Polish, but it is quite simple to pick out genealogical information. Should
the full content be of interest, one can seek a translator, once the relevance
of any particular biography is determined.
List of Deceased
The third section of the book (pp. 306-355)
is a Subsidiary Death Register (a chronological list in Polish of the deceased) covering the period
1826 to 1893. They are listed in chronological order of the secular date
of their death. Only the personal name and surname appears, without the
names of parents or other relatives. Of particular value is the inclusion
of the age of the deceased.
The fourth section of the book (pp.
356-393) consists of an index to all sections of the book. Grouped alphabetically
by surname, the deceased are listed with the page number where they appear
(Polish or Hebrew list), or biography. If the person is included in the
Hebrew list, the page number in the index is designated with an asterisk.
Following the index there are several
pages of biographies which were apparently omitted.
List of Deceased
The final section of the book is a Hebrew
list of tombstones in the Old Cemetery arranged chronologically according to the Hebrew calendar.
The full Hebrew name is given which includes the father's name (in most
cases). In some cases a spouse is noted, as are relationships to prominent
rabbis. For many of those in the Hebrew list, the surname is given in Polish
as is the age. The Hebrew list ends in the year 5682/1922, whereas the
Polish list ends in 1893. It should be noted that the Hebrew section of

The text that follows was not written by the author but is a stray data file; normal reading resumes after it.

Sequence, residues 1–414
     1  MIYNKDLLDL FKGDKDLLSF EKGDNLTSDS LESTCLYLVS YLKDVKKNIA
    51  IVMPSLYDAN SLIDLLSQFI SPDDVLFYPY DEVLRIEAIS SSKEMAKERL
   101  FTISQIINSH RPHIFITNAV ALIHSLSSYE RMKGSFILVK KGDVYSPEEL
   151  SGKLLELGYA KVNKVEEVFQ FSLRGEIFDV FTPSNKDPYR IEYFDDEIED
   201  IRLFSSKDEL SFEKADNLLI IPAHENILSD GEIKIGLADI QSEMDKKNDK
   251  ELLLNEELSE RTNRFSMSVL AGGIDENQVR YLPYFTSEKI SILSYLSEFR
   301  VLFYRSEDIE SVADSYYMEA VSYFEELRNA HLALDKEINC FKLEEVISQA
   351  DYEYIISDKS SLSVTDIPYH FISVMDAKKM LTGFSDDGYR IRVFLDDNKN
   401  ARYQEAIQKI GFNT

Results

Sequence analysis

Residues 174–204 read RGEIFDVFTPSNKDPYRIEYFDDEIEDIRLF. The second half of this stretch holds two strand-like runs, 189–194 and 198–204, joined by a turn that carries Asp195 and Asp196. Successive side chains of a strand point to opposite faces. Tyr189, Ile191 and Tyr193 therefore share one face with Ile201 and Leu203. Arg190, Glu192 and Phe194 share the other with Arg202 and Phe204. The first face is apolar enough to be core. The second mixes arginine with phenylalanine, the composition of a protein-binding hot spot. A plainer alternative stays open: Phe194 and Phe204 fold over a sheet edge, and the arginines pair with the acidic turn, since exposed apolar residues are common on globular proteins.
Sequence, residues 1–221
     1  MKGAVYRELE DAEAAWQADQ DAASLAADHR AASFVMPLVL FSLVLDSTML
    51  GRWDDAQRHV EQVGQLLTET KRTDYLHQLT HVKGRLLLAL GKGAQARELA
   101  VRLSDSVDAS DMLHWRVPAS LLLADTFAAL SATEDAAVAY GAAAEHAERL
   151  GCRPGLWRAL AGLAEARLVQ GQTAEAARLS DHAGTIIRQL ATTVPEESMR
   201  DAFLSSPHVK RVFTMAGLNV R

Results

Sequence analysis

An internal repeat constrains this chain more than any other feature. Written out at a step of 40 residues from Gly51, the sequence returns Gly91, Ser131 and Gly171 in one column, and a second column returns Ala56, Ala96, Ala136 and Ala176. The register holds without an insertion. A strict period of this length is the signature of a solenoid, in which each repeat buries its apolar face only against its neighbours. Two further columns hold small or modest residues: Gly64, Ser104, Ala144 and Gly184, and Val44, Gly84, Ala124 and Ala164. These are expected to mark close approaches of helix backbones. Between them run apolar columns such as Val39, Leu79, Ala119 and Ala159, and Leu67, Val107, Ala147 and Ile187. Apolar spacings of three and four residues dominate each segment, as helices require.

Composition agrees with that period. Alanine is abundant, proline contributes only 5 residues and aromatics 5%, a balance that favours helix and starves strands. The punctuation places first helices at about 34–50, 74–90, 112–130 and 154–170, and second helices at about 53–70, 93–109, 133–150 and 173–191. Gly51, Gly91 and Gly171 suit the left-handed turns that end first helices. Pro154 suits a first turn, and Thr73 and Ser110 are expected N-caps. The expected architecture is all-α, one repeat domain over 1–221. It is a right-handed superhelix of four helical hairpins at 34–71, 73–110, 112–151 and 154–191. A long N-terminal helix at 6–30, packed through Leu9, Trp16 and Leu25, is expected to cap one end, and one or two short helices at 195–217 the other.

115 pages starts from the right-hand end of the book and has a separate
page numbering sequence.
There are people
who appear in the Polish list but not in the Hebrew list and vice versa.
As is well known to genealogists who have researched Hebrew Khevrah Kaddishah records from various towns, surnames are often not included, leaving many
names in the Hebrew lists which are not identified. Despite these impediments,
the positive factors of this book as a genealogical source far outweigh
The following is an example of the wealth
of information that can be derived from this book. (Free translation from
An example of the Polish list:
No. 1286 (page 232) Jacob
Saul Berlinski, son of Lejbusza Berliner from Piotrykow, who was known
by the name "reb Lejbusz reb Tejweles." Tejwele was a son of Rabbi Hirsz
Lewin from Berlin. Tejwele settled in Piotrykow since he married the daughter
of a person from Piotrykow. Jacov Saul married the daughter of the Rabbi
of Lutermirsk, Nuty Baharjer and had 3 sons: Tewel in Lodz, Manele in Piotrykow
and Naftali Hirsz, who was a merchant in Dabie. A son of Naftali Hirsz,
Lajb Berliner, married a daughter of the Rabbi of Kalisz, Chaim Eliezer
Waks. A daughter of Lajb Berliner married a son of the Tsadik of Gory Kalvariji,
Order (per Secular
Name / Surname
|| Jankiel Jakubowicz
|| Perla Zimnowoda
|| Mendel Jagodnicki
|| Michal Neynadel
|| Hanna Pinkus
|| Ruchla Aronowiczowa
|| Sura Grosman
|| Jonas Bernsztat
|| Sura Jakubowiczowa